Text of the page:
Miller, G. Wayne. “Kid Number One: Alan Hassenfeld and Hasbro”, Stillwater River Publications, 2019.
“Heart, Soul and Business”
Alan Hassenfeld’s grandfather and great-uncle escaped religious persecution in Eastern Europe and came to America in 1903. They had no money and began selling rags New York City streets but eventually built the world’s largest toy company, Hasbro. Merrill, Alan’s father, Merrill, brought Mr. Potato Head and G.I. Joe to the world and his only brother, Stephen, was able to turn Hasbro into a Fortune 500 company and became Hollywood player. Alan, a free spirit, wanted to write novels, date beautiful women and travel. He had never wanted to steer the family business and no one ever thought that he could or even would. That all changed when Stephen died from AIDS making Alan to become chairman and CEO. He surprised everyone by taking Hasbro to greater success but it was not all rosy. He almost lost the company due to several bad decisions. As a result, he gave his long-time lieutenant Al Verrecchia command and began a plan whereby he would leave his corporate position. Verrecchia was able to save the company, and and then retired, leaving Hasbro to the current CEO and chairman Brian Goldner, a highly esteemed and respected man.
Hassenfeld who became enormously wealthy went to work expanding the long family tradition of Tikkun Olam – “repairing the world”. This was a project begun by his grandfather and great-uncle who were so grateful to have survived, helped immigrants and needy American citizens.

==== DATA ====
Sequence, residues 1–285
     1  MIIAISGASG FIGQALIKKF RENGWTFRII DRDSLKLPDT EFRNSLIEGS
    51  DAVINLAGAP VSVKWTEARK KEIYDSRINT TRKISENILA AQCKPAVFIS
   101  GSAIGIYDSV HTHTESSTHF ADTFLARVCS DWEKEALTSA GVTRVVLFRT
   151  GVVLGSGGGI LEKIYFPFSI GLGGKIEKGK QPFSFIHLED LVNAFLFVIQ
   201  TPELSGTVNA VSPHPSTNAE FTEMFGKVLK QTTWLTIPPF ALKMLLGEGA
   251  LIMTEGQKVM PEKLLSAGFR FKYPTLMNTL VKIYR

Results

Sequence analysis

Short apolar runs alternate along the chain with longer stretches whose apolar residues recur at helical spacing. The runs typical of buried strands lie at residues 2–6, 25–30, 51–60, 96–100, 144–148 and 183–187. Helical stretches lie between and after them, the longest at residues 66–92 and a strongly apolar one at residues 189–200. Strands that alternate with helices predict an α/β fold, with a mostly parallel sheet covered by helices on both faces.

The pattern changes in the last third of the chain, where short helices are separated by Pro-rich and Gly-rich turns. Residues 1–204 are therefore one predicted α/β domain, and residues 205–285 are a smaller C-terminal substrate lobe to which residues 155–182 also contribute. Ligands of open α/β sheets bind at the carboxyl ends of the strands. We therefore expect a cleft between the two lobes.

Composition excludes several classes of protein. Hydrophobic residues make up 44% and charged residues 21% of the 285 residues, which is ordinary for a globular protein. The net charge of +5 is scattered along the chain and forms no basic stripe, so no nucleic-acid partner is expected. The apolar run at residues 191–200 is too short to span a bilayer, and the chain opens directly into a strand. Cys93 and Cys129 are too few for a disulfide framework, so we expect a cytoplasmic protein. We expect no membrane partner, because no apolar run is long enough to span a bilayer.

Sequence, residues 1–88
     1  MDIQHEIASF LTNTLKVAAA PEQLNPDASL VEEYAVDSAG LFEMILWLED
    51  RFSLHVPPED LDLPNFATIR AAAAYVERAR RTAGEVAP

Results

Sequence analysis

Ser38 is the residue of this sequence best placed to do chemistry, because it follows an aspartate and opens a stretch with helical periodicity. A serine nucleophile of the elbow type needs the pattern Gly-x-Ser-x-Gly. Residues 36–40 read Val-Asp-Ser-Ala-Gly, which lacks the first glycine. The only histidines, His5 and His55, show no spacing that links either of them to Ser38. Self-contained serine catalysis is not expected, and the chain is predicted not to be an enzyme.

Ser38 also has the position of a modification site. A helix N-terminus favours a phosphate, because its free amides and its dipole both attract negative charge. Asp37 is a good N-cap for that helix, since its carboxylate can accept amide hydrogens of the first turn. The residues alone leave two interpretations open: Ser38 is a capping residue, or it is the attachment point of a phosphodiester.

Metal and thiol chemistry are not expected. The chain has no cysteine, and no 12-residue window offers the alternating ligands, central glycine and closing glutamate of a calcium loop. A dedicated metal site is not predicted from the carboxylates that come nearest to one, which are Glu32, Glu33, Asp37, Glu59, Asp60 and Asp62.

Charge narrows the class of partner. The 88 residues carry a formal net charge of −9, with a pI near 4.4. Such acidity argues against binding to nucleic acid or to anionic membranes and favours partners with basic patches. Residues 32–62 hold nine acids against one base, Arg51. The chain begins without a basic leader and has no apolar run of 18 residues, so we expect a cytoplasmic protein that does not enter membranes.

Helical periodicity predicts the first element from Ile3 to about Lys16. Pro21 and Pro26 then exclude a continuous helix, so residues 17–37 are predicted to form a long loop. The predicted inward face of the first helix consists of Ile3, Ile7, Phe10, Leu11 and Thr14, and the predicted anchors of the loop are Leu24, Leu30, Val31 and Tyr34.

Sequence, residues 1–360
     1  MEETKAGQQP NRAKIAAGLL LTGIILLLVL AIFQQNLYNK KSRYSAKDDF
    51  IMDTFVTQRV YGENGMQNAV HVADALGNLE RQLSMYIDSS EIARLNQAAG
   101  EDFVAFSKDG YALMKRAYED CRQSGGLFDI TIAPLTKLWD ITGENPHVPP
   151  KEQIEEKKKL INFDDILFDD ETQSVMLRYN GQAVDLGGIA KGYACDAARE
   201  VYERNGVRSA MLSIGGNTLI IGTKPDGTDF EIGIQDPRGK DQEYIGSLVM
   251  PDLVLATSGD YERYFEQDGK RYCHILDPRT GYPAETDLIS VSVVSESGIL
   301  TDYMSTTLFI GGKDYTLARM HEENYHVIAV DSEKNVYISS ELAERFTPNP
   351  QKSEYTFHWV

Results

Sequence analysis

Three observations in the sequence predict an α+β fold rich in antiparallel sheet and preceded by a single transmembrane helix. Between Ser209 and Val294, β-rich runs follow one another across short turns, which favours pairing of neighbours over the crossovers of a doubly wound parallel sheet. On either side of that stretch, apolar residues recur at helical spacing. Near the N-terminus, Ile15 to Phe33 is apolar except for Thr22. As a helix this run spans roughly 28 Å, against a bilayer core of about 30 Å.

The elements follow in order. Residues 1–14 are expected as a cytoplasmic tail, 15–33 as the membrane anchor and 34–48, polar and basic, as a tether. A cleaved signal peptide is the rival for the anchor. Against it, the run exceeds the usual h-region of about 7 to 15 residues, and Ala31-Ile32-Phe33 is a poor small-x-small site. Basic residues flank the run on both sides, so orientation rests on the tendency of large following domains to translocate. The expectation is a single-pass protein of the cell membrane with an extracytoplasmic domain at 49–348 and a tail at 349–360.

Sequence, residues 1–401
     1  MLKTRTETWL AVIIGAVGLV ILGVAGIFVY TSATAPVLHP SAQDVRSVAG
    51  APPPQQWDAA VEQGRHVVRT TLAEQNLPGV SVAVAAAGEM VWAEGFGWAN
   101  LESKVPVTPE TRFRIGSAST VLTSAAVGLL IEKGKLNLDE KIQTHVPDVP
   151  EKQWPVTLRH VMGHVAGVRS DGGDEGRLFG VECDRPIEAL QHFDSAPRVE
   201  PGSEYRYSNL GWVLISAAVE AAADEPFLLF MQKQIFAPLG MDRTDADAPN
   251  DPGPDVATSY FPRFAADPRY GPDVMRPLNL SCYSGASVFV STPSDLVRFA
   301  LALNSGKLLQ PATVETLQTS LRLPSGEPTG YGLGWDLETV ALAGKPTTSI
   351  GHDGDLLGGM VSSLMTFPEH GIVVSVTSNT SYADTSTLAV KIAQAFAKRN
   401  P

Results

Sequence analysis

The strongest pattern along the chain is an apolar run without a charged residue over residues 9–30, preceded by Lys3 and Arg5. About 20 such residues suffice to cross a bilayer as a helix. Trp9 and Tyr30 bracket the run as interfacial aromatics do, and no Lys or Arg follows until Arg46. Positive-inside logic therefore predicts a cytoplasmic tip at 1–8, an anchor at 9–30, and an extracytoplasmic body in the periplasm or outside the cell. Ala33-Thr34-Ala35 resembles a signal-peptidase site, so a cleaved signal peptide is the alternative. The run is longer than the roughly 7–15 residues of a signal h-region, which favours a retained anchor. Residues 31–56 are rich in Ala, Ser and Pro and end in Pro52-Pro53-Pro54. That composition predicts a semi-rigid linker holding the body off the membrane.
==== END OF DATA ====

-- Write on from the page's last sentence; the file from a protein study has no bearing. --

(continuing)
Hassenfeld’s philanthropy has aided in the building of two children’s hospitals, established numerous educational and health programs, trained young doctors and scientists, resettled refugees, promoted peace in the Mideast and more. He has been a highly visible advocate for national political and ethics reform while dealing with personal threats and the anger of crooked politicians.
G. Wayne Miller has combined family and corporate history in his book and he shares the personal family story which is at the center of Hasbro’s corporate identity. Beginning with the massacre of Jews in 1903 Poland and moving forward to today, we learn what people of great wealth can do when they put self aside. Kid Number One is more than the history of a family; it is also a history of American toys. It is more than about the toys from Hasbro but also Mattel’s classic brands including Barbie and from lesser-known toys by companies. Miller had unprecedented access inside the $5-billion toy and family-entertainment company and one of America’s leading if largely unknown philanthropies.
Prepare to clear your day before you start reading this because it is difficult to stop. Luckily for me that I was snowed in and the day passed very quickly as I flipped pages.
This is a special treat for readers who like their hard-edged business yet with a bit of gossip about our favorite toys. It is personally meaningful for me because I am involved in Tikkun Olam work and it is something I always enjoying reading about.